Other crops

Vandinter Semo has a reputation when it comes to green manures. However, over the years, we have built up a unique knowledge about a range of crops that we very disrespectfully call ‘other crops’. Not because we think they are less important. But simply because we do not know how best to classify them. Therefore, we would still request your attention for our forage grasses, turf grasses, corn, quinoa, leafy turnip and fibre hemp.

turf grasses

Turf grasses

Whether for greenery of infrastructure, parks, sports fields and gardens. Again, Vandinter Semo has an extensive collection of grass mixtures. Formulated with unique grass varieties and their characteristics as a starting point, for any desired application. Slow growers with a solid initial development when it comes to public green, and high density grass mixtures with repair capacity when it comes to sports fields.


Maize silage

Vandinter Semo selects maize varieties for various European maize breeding companies. The unique Dutch climate places high demands on maize varieties. Earliness, firmness and high starch content are of particular importance.

The Dutch cattle farmer is very critical when it comes to sowing maize varieties. Contract workers and advisers play an important role in the choice of maize varieties. Vandinter Semo knows this market and responds to it. Every year, we screen dozens of new varieties. Only the very best varieties are brought onto the market. Maize silage growers know us from the MOKKA maize variety, a mid-early maize variety. In 2020, Vandinter Semo expects to be on the market again with material that is worthy of the varieties catalogue.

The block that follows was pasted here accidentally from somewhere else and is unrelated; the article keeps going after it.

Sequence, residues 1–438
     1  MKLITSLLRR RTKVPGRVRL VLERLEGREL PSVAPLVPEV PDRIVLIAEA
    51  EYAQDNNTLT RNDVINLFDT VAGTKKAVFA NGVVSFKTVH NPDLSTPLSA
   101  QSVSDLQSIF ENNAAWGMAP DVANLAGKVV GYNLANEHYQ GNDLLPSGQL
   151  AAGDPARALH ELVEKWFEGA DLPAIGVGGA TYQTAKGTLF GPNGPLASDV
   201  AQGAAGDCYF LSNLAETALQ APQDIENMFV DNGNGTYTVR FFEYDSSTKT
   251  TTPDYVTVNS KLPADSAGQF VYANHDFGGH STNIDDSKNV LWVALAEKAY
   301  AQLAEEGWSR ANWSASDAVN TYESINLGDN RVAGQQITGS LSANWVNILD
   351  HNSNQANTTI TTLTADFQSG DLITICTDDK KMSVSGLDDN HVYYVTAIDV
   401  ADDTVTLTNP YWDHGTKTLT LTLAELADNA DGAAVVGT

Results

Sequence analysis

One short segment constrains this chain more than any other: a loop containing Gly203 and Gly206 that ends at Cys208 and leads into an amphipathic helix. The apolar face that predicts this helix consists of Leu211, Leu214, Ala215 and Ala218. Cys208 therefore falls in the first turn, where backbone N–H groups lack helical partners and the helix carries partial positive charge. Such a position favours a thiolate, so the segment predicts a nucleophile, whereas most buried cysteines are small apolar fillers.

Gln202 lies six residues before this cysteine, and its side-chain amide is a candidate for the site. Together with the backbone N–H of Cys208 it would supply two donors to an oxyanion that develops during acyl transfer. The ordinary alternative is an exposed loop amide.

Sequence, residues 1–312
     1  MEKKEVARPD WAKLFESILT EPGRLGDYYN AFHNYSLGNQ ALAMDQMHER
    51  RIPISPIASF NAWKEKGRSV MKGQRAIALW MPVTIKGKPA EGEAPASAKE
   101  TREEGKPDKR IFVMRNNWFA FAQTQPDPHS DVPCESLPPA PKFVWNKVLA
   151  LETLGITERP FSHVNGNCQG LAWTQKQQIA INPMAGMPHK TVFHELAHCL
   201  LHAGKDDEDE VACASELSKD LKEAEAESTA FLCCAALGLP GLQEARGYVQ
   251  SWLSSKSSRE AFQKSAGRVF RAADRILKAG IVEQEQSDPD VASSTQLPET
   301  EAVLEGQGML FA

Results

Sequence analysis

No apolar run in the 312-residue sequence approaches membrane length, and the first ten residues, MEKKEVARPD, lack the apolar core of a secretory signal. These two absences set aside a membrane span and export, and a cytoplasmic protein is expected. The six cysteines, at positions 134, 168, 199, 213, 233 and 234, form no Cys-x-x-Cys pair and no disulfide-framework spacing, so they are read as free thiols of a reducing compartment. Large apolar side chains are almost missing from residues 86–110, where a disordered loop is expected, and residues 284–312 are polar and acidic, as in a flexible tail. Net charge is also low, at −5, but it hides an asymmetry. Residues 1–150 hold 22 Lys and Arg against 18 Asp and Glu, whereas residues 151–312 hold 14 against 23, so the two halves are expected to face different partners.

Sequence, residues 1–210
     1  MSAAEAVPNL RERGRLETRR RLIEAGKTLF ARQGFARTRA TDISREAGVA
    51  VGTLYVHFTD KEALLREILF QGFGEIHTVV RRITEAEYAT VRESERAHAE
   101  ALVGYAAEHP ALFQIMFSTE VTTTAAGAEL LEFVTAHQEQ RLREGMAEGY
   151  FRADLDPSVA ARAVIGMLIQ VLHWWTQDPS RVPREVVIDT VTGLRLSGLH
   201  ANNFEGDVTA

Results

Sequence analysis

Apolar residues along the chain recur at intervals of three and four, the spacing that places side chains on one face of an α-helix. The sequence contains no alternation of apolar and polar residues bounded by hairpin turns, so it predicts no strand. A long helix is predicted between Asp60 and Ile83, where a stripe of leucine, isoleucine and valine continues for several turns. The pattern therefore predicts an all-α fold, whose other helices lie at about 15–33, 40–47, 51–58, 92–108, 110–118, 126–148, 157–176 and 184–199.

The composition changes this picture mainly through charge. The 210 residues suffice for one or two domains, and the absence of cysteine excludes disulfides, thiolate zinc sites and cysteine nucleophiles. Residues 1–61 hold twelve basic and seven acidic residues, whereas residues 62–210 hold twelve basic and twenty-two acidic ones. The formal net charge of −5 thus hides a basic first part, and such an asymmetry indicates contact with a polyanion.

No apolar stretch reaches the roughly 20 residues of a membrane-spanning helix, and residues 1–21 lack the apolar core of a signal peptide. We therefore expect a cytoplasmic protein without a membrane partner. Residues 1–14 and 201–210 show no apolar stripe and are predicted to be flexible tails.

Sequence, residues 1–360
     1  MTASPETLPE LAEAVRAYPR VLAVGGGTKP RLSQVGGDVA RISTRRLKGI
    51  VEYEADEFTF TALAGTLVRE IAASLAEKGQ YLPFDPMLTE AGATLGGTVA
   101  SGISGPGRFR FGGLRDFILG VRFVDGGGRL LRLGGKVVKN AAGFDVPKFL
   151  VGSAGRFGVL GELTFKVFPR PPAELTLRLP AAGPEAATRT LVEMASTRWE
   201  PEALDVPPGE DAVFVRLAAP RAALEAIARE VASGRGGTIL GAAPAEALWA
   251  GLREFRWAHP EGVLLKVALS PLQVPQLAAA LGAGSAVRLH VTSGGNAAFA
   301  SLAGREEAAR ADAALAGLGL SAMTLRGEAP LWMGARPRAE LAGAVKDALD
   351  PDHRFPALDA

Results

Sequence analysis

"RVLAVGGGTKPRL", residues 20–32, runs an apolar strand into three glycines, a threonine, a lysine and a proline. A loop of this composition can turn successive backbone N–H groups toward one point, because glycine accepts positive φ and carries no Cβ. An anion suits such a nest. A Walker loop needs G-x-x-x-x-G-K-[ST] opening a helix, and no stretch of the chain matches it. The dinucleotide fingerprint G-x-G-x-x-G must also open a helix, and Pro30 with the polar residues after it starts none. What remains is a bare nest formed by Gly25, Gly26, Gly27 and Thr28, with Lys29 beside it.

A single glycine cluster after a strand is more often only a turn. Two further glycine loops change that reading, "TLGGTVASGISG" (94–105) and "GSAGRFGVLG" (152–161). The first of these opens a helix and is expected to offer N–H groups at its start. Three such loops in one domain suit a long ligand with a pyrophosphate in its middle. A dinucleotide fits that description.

Quinoa (Chenopodium quinoa) is native to the Andes in South America and is closely related to purslane, spinach and beet. While quinoa is not a grain, it is prepared and eaten just like couscous or rice. Quinoa has greatly increased in popularity in recent years. This is mainly because quinoa is a meat substitute alternative for people who want to eat less or no meat.

...more about quinoa

The plant can grow to 3 metres high and blooms in plumes. Depending on the variety, the woody stem is green, red or purple. Quinoa is suitable to harvest as whole plant silage. For whole plant silage, the crop is harvested by a small grain combine which chops stem pieces of 0.6 cm. The crop is harvested when the dry matter content is at least 25%; this is achieved when the plumes are in full colour. The seeds are at half dough stage.

Leafy turnip / turnip

Leafy turnip / turnip

Leafy turnip/turnip is a traditional crop which can be cultivated both as a forage crop as well as a green manure. Night frost and even moderate frost are well tolerated. When sowing this crop in the stubble, it will no longer bloom. The feed value of leaf and petiole are high.

Leafy turnip can be cultivated as forage crop and as green manure. It is related to rape seed which has been specially selected for a rapid initial growth and a high leaf production. The crop can tolerate well any night frost and even moderate frost.

...more about leafy turnip / turnip

Provided it is sown in good time, leafy turnip can form a huge mass. Both for fodder production and for the contribution of organic matter, that is a valuable feature.

The feed value of leaf and petiole are high. When sown too early, the crop can, however, come into flower and form coarse stems which are harder to digest for livestock.

Fibre hemp

Fibre hemp

Hemp is a relative of the hemp plant (Cannabis sativa) and is cultivated for its fibres. It is possible to process fibre hemp into wood core and bast fibre. The bast fibre is processed into raw material for paper and textile industries and is suitable as a composite material for car interiors. Wood core is processed into bedding for, amongst others, horse stables. You can also find fibre hemp in food products and animal feed.

...more about fibre hemp

The cultivation of fibre hemp notably takes place in North Groningen and in the peat colonies in Drenthe. Hemp produces significantly better results on clay soil than on sandy soil. Fibre hemp has a strong and deep root system, this certainly benefits the structure of the soil.